Haymarket isn't technically a farmers' market - it's a vegetable wholesalers' market. This is where they offload end-of-week surplus for blindingly cheap prices, but the lifespan for these veggies is usually very short. They're also from California, Chile, or wherever the grocery wholesalers are sourcing their product - you're not supporting local Boston-area farms.

That said, I bought food for a house of 30+ at Haymarket for years, and it can be a fantastic place to shop. Just get to know the vendors (showing up every week, being generally friendly, and bringing them Christmas cookies helps) and they'll take good care of you when picking your fruit/veggies and letting you know which are good that week.

There are lots of farmers' markets in the Boston area - I used to follow Stillman's Farm to different markets for their excellent Mirai corn. They run a great CSA, and have even started a meat CSA. Highly recommended.
30+?? Wow! That must've been quite a shopping list. I hope you brought helpers to carry all that home. : P
These trips always involved a car, and a helper to shuttle purchases back and forth to said car. ;) When you're buying everything by the box or 50lb bag it's a necessity!
Where is a good place to get these bags from, other than from, say, Martins or Target stores? (I've got some of those, but they keep tearing). I'm a personal fan of the khaki ones in particular. =)
camperken6 years ago
The best prices are at the end of the day when they are packing up wishing they had sold what they are packing. Of course they might be out by then. Also develop a relationship with people and it will pay off. I lived two blocks from the farmers market if KCMO and went over all the time. GO when they ain't busy and can talk to you
Solderguy6 years ago
Here in Portland we have farmers markets only on Saturday.
jnixon7 years ago
Thank you for teaching us how to be consumers. Seriously though, why??
tehsuxs jnixon6 years ago
i printed this out because i couldn't remember it all
Wog6 years ago
Hey, it looks like those "unidentified" green veggies are eggplants
Don't be scared of squashes! The firmer ones submit well to thin slicing and sauteing in spicy black bean sauce (available at Asian markets -- you're in SF, right? ;-) -- walk along Irving west of 19th Ave., or go to the grocery store on Clement St., for example). The softer squashes cook up well in a soup: add random veggies and a boullion cube (or a whole chicken, if you eat meat). Neither of these require a lot of labor over the range -- about 5 minutes of prep time and 10-15 minutes of sauteing, or longer for the soup (but unattended cooking is ok).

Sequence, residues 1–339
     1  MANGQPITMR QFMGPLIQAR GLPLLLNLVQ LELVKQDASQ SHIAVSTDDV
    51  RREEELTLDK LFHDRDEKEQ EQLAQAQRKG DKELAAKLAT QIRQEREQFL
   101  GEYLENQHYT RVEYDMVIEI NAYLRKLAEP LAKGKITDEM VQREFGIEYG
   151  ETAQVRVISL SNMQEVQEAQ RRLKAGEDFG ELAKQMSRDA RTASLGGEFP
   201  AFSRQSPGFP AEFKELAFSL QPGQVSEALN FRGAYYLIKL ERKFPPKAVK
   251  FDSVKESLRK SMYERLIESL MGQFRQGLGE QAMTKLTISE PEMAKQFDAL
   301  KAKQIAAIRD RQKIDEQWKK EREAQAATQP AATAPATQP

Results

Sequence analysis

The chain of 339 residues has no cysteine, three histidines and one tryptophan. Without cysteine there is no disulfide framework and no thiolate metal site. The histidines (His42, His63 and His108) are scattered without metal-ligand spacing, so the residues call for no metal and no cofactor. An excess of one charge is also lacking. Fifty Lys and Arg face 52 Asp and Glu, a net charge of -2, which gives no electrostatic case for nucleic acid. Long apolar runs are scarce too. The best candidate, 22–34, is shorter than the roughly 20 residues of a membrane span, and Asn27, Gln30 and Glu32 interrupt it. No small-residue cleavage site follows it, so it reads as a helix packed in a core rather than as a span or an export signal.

bnutmeg7 years ago
Yay farmers markets! To you commenters who think this sounds overly obvious, I can't tell you how many suburbanite friends visit me and are too self-conscious and timid to go to farmers markets or use public transit just because they never have before and aren't sure if there's something to it they don't know. Also, not to sound like a food snob, but more that I just so happen to have gone to a market that had a sign on the things, those "don't remember what they are" are amelanistic miniature eggplants.
bruno130697 years ago
My hometown (Bluffton, OH) has had a F/M for about 5 years. It's a great place to spend a Saturday morning. There are usually 10 regular vendors with about another dozen who rotate in and out with the seasonal goods. Some go for the fresh produce and baked goods. Others go for socializing. We often have local musicians perform (and busk) for the crowd.
Punkguyta7 years ago
Wow, I'll give ya a credit for something. -Punk
neighborsproject (author)  Punkguyta7 years ago
Umm ... thanks?